Junk food lobbyists interested in reversing White House-backed nutritional standards for school lunch programs are banging the drum that it's "too restrictive" to feed kids healthy school lunches, and I say "Whaaa whaaa" -- I am not buying it, and neither should you.
I refuse to order fried chicken that arrives in a box, at room temperature and with no other fresh ingredients for my daughter's lunch. Instead, I make my own baked chicken strips one night every few weeks. I hope your family enjoys them as much as she does.
What kinds of thoughts come to mind when I say, ramen noodle soup? Late-night college snack? In-case-of-emergency shelf stable food? How about a staple in many school cafeterias? We created a healthy ramen noodle soup recipe kids will love.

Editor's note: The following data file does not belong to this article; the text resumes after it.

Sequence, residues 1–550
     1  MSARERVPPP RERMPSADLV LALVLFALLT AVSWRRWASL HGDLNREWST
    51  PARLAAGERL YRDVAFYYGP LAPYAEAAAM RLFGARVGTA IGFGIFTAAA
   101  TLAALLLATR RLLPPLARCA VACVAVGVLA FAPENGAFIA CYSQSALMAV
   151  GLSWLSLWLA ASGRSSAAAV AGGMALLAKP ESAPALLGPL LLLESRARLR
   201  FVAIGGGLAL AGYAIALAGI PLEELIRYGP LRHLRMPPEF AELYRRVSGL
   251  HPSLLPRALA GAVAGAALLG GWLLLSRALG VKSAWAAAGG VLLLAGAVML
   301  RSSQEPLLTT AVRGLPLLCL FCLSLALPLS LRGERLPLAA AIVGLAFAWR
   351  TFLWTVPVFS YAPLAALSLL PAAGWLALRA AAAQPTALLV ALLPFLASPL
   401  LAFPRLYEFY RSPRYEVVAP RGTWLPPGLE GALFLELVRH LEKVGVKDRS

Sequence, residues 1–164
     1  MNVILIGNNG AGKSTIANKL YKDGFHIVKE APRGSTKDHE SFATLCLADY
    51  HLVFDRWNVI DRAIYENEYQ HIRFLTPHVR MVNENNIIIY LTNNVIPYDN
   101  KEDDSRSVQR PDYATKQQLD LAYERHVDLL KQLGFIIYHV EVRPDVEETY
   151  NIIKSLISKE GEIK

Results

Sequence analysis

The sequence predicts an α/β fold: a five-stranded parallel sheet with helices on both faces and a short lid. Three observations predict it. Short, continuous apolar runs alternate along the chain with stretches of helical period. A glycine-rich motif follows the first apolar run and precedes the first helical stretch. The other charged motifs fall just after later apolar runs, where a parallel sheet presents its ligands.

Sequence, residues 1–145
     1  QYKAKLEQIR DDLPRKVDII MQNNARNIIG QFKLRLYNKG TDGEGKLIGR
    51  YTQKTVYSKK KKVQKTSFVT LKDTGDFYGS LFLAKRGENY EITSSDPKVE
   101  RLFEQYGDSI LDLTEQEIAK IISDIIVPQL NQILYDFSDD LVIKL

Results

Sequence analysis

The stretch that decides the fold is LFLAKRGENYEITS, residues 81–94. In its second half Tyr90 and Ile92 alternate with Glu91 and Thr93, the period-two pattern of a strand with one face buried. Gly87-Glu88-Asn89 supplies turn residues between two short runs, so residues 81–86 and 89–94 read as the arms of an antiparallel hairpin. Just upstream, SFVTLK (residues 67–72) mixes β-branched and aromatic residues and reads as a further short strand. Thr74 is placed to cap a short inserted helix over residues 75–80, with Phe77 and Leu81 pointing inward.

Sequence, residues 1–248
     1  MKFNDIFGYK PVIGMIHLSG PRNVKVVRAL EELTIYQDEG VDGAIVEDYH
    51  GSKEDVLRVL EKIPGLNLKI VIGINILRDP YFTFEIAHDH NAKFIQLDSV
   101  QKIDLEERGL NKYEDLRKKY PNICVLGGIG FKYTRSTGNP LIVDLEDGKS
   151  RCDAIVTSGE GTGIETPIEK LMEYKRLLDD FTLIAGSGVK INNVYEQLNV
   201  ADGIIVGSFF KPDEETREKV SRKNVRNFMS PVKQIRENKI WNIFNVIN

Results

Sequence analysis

California schools serve nearly 900 million meals a year. When our schools offer California children healthy food grown in California, we help them to learn and grow. At the same time, we help to revitalize our state's economy, reactivate regional food systems and create living wage jobs.
Back to school can be a time of adjustment. Just as students might need time to adjust to new teachers and subjects, the school lunch program might need time before it is fully accepted by students or financially successful.
These and other changes are part of the Healthy, Hunger-Free Kids Act. I applaud the federal government for taking this important step that allows schools to create and reinforce healthy eating habits.